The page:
This blog post contains my technical opinion and is for general information purposes only. Your local Authority Having Jurisdiction may have a different interpretation, so please confirm your AHJ’s position prior to using this information. Please refer to the latest CE Code version for guidance on cable usage.
Type TC tray cables are unarmored cables rated for use in cable trays. While Teck90 has long been the standard Canadian industrial cable, tray cables are more typically used in equivalent US projects. Since the mid-1990’s, the Canadian petrochemical industry has been successfully using tray cables.
Type TC tray cables consist of power/control conductors or pairs/triads under a single overall jacket. The conductors are commonly insulated with XLPE and are housed in an overall PVC jacket. Tray cables are constructed per applicable CSA cable standards with the additional requirements of CSA C22.2 #230 for specific tray cable testing and marking. The #230 standard covers both single conductor and multi conductor cables for use in wet or dry cable tray applications, with FT4 and sunlight resistance ratings. Most CSA tray cables on the market are -40oC marked like Teck90, while most UL tray cables can only meet the -25oC tests.
CE Code Table 19 lists the various Type TC tray cable conditions of use. You will find that tray cables can be used in almost all the same applications as Teck90 cables, including cable trays, direct burial, duct banks, troughs, continuous rigid supports, and concrete encasement. One exception is that tray cable will typically not be HL marked for use in Class 1 Div 1 locations but per 18-152(1)(C) and Table 19, they can be installed in cable trays in Class 1 Div 2 and Class 2 Div 2 hazardous locations. You will still need an HL marked on the jacket armored cable for your Class 1 Div 1 locations.
CSA Cable Standards for Type TC Tray Cables:
|CSA C22.2 #38||Thermoset Cables|
|CSA C22.2 #75||Thermoplastic Cables|
|CSA C22.2 #239||Control & Instrumentation|
|CSA C22.2 #230||Tray Cables|
The pros of tray cables include cost savings, especially for smaller conductor/pair counts and gauge sizes up to about 2 AWG. The smaller OD makes the cable lighter and allows for a tighter bend radius and less tray fill. The lack of inner jacket and armor allows you to use less expensive connectors and less connector installation labor. The main cons were around unclear code rules on acceptable installations when they come off the cable trays. However, protection by location code deviations and changes in recent code update cycles have removed most of these concerns. In a future newsletter, I’ll expand on protection by location and TC-ER code rules. In the meantime, you can review CE Code rule 12-2202 for installation requirements of tray cables.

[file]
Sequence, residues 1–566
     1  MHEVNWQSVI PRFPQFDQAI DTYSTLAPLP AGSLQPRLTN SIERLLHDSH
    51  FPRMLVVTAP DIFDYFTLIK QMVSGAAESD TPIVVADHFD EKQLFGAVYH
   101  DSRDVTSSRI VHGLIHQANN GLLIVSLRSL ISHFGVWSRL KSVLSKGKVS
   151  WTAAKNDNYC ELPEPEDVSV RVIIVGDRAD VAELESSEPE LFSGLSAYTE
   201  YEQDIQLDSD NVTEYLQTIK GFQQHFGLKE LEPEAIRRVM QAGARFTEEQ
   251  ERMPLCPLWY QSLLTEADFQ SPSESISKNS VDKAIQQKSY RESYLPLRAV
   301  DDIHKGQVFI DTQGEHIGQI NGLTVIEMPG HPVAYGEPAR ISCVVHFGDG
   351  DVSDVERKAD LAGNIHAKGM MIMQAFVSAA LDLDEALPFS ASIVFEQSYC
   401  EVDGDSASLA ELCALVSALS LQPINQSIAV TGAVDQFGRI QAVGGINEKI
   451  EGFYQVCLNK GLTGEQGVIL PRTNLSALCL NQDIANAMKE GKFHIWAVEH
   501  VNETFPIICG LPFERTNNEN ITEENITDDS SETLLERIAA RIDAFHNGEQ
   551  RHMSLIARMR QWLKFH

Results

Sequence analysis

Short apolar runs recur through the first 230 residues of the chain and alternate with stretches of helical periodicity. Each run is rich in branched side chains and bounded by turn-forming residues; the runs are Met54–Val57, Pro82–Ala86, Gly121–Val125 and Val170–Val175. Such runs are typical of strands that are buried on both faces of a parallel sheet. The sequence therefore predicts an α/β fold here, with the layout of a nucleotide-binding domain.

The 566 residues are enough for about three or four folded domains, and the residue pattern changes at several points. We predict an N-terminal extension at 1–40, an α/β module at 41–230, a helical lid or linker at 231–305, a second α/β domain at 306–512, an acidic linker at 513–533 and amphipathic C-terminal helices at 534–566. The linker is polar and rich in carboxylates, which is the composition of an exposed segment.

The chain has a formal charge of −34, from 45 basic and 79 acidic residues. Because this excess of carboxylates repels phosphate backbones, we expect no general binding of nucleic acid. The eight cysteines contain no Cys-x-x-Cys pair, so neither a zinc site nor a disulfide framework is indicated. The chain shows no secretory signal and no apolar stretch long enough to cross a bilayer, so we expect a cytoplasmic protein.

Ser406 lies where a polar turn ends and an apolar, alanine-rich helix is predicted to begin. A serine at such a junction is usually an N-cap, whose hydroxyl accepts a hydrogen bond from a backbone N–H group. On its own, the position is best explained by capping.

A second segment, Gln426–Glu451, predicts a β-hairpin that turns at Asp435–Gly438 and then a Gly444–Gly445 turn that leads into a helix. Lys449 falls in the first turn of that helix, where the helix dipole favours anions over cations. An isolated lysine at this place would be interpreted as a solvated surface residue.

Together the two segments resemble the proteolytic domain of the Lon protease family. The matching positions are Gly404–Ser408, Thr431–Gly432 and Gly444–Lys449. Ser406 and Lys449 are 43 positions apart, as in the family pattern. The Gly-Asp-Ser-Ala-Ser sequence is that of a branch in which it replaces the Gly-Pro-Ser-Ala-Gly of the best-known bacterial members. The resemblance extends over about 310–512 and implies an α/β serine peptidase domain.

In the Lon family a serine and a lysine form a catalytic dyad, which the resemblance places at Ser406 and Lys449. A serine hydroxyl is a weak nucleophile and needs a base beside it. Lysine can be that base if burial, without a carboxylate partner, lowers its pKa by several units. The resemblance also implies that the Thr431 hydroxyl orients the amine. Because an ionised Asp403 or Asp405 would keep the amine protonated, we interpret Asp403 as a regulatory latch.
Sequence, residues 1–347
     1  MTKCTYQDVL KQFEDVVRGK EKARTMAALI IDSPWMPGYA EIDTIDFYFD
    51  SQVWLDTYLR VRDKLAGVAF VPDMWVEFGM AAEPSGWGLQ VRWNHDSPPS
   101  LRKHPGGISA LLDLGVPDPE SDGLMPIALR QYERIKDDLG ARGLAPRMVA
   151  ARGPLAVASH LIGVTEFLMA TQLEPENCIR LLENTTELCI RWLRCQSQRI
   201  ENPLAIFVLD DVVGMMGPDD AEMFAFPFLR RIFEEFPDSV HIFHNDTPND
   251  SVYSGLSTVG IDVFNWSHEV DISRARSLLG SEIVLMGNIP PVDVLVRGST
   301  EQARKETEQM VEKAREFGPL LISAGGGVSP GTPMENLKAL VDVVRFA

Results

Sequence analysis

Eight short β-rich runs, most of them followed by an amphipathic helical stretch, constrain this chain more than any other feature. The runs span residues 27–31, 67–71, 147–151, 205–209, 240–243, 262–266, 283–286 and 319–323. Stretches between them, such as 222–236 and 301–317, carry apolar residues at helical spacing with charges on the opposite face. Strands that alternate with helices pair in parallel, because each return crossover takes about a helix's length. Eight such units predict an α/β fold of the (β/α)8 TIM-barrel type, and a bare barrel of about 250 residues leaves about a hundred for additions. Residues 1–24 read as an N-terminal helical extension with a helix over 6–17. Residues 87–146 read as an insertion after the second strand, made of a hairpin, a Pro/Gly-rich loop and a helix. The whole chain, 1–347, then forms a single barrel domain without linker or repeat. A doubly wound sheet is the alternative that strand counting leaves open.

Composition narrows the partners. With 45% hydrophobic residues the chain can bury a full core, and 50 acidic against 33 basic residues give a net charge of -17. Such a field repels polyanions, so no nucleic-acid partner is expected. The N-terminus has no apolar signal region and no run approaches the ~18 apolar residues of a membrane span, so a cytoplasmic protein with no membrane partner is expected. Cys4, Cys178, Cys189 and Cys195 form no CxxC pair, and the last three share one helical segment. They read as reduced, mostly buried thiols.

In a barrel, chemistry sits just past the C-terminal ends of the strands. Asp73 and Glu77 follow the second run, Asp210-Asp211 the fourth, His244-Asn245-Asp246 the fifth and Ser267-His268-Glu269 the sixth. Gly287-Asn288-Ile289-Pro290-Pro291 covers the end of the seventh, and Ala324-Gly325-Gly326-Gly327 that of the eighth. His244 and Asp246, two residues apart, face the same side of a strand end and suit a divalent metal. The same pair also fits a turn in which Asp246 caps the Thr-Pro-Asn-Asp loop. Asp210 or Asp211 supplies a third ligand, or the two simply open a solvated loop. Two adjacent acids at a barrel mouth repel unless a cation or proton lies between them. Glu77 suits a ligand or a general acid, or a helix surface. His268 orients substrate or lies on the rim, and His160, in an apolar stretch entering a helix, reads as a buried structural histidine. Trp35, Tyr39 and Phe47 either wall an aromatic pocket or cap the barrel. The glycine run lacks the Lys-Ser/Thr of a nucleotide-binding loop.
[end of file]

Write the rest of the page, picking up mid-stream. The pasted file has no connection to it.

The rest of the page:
A common Canadian petrochemical corporate cable spec is to use tray cables for instrumentation, control, and power circuits up to 2 AWG circuits. Distribution inventories have responded to this demand by stocking these products in commonly used gauge sizes, reducing lead time and minimum order quantity challenges.
Caution: CE Code Rules
CE Code rule 12-2202 (2)(c) limits single conductors tray cables to 1/0 and larger
In Canada, we are conditioned to believe that only heavy-duty Teck90 cables can stand up to the severe requirements of our Industrial projects. Tray cables are much more robust than you might think. An engineer evaluating the use of tray cables in his large Alberta refinery project famously tested the durability of these cables by leaving them outside his home over the winter. When it would get especially cold, he would “test” them with a hammer. The cables passed his homemade testing set up with flying colors and they were specified for use in instrumentation, control, and power circuits.
Tray cables have become easier to use with each CE Code update and can provide many advantages over Teck90 cables. With cost savings especially critical to push projects ahead in today’s environment, now might be a good time to evaluate tray cables as a possible solution. It is always possible to overbuild products, but the incremental benefits may not be justified by economics.